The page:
Part of Picture Window Books' "Amazing Science" series, this book for the library market tries to answer kids' questions about how simple machines work. Included are side bars, fun facts, a glossary, and an activity that builds on the book's lessons. Building on the concept of a simple machine, which is defined as anything that helps people do work, children learn how wheels quickly move people and objects from one place to another. Fire trucks use wheels spinning on axles, but so do skateboarders. Readers are shown how the size of a wheel determines how much weight it can carry. They also learn that gears are wheels with teeth. And that cranks are a kind of pedal that turns wheels. The message reinforced here is that wheels help the world to work and play. The activity uses a spool of thread, string, paper cup, pennies, and pencils to show how wheels and weight work together. The bright, computerized illustrations work nicely with the text to entice young readers to hunker down and dig into the book's concepts.
School Library Journal
Gr 1-4-These simple concept books are full of pizzazz and wonderfully illustrated with digital graphics that show kids doing typical kid things. The lumberman on the cover of Cut may not be as enticing as the active children depicted on the other titles. The book also has fewer internal pictures of youngsters, although there is a spread of a boy surrounded by wedges of cake, pie, and pizza. Other spreads depict and discuss doorstops, nails, and airplane wings. In Roll, skateboards, playground slides, and roller coasters are used as examples. Best of all is Scoop, which clearly describes several versions of the lever, found in the playground, garage, and kitchen. Tires discusses wheel sizes, gears, cranks, etc. Unfortunately, "axles" is misspelled on the cover. Each book has an activity and "Fun Facts." The FactHound Web sites listed add more information, but don't take kids to any fun, interactive sites. If you have Sally Hewitt's Machines We Use (Children's Press, 1998) or Anne Welsbacher's "Understanding Simple Machines" series (Capstone, 2001), you may not need these books.-Debbie Whitbeck, West Ottawa Public Schools, Holland, MI Copyright 2006 Reed Business Information.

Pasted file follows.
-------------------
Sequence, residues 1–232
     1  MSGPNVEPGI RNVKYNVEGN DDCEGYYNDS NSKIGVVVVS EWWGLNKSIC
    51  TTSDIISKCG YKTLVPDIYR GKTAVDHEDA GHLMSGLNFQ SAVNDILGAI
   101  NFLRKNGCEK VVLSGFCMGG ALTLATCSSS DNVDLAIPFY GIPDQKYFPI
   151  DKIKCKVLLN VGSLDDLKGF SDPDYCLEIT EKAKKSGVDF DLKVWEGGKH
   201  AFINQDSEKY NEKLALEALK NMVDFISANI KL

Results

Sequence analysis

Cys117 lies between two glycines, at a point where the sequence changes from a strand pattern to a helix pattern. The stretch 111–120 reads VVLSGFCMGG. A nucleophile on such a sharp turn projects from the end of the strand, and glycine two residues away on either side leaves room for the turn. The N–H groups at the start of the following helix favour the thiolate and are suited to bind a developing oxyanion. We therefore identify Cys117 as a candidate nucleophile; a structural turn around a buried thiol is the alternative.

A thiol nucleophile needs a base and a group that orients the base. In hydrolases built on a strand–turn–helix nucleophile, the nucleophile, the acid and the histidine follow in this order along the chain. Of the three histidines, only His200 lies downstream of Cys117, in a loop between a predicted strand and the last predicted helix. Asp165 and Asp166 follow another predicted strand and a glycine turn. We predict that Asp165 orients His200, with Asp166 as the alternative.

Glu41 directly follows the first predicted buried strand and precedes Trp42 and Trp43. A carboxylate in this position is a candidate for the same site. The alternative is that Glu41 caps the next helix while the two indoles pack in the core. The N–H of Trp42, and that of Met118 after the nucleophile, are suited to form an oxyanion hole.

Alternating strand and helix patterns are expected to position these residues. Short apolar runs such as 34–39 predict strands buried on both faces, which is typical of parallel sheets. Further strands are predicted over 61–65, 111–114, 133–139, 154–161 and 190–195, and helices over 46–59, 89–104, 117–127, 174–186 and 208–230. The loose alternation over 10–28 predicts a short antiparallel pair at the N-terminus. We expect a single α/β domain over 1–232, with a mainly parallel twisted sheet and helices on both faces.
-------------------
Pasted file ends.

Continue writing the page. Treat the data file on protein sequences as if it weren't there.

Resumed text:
Michael Dahl is the prolific author of the bestselling Goodnight Baseball picture book and more than 200 other books for children and young adults. He has won the AEP Distinguished Achievement Award three times for his nonfiction, a Teacher's Choice award from Learning magazine, and a Seal of Excellence from the Creative Child Awards. And he has won awards for his board books for the earliest learners, Duck Goes Potty and Bear Says "Thank You!" Dahl has written and edited numerous graphic novels for younger readers, authored the Library of Doom adventure series, the Dragonblood books, Trollhunters, and the Hocus Pocus Hotel mystery/comedy series. Dahl has spoken at schools, libraries, and conferences across the US and the UK, including ALA, AASL, IRA, and Renaissance Learning. He currently lives in Minneapolis, Minnesota in a haunted house.
Wheels Are Machines 6
Big Wheels and Small Wheels 11
Clockwise and Counterclockwise 15
Round and Round 22
Fun Facts 23
To Learn More 24